Octatron SkySeer

From Wikipedia, the free encyclopedia
Jump to: navigation, search

The Octatron SkySeer is an autonomous, computer-controlled unmanned aerial vehicle (UAV) designed for easy transport and launch. It is designed and manufactured by Octatron, Incorporated of St. Petersburg, Florida, USA.

Intended for short-range operations, the electric-powered SkySeer resembles a normal radio controlled airplane or two-meter glider. Once unfolded from its storage tube and its electronics initialized, the SkySeer is then hand-launched by its operator. All of the drone's basic flight functions are handled by GPS including landings. Range is approximately two miles/3.2 km and is extendable via Octatron's NetWeaver interface.

The basic platform is very low cost; a fully loaded SkySeer retails for approximately US$25,000 to $30,000 which includes all electronics, video surveillance equipment, ground station and computer interfaces. Video interface is in real time and allows the operator to literally see what the drone sees and to record it as such. The ground station's recorder can store up to twenty hours of high-quality MPEG-2 format video which can then be transferred to DVD or Macromedia Flash.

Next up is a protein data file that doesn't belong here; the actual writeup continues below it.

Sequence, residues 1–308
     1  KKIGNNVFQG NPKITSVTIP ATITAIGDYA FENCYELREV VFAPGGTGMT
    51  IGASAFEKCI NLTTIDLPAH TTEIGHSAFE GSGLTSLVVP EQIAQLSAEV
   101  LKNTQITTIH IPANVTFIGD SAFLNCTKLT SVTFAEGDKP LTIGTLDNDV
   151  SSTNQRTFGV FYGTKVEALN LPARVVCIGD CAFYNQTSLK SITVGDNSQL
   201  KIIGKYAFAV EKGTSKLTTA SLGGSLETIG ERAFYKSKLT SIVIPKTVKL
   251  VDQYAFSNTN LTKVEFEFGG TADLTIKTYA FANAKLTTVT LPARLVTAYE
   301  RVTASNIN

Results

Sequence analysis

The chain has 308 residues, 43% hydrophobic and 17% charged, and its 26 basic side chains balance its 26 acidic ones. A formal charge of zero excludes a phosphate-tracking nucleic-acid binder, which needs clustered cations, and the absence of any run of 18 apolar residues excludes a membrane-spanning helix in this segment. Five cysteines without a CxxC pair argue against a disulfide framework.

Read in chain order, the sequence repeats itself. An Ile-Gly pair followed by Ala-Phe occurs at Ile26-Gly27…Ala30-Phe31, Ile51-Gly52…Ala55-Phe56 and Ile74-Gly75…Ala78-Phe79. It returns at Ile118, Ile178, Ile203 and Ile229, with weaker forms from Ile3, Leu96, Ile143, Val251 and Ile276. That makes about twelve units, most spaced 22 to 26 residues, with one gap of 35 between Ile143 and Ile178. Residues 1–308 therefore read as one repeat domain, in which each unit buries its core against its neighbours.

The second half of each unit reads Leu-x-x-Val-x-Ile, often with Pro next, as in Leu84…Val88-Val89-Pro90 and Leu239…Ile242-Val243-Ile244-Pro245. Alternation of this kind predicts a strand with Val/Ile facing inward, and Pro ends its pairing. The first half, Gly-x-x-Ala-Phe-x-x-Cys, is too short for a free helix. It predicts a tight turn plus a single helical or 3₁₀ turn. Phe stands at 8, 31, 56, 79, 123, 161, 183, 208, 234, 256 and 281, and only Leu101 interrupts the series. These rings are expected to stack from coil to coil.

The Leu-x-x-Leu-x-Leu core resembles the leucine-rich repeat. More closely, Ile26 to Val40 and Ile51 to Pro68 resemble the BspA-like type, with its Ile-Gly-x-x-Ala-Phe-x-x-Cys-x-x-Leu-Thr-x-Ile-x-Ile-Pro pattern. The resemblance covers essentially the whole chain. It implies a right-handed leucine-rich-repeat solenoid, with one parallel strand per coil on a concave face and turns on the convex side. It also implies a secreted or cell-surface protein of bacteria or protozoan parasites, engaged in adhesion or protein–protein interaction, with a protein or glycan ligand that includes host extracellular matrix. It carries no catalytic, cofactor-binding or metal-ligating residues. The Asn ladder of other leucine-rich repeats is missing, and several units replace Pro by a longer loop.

The Los Angeles County Sheriff's Department is currently experimenting with the SkySeer as a means of crime prevention. At present, the experiment has been suspended by the Federal Aviation Administration because of that agency's claim of a lack of the proper permits. Although the FAA does not regulate model aircraft, it does have jurisdiction over unmanned aerial vehicles.[1] Negotiations between the two agencies are underway.

Airframe specifications[edit]

  • Wingspan: 6.5' (1.98m)
  • Weight: 3.125 lbs (1.42 kg)
  • Endurance: 45 to 60 minutes at cruise speed of 23 mph (37 km/h)


  1. ^ Jonathan Karp and Andy Pasztor (2006-08-07). "Drones in Domestic Skies? They're in Demand for Rescue And Surveillance Missions, But Critics Question Safety". Wall Street Journal. Retrieved 2006-11-07. 

External links[edit]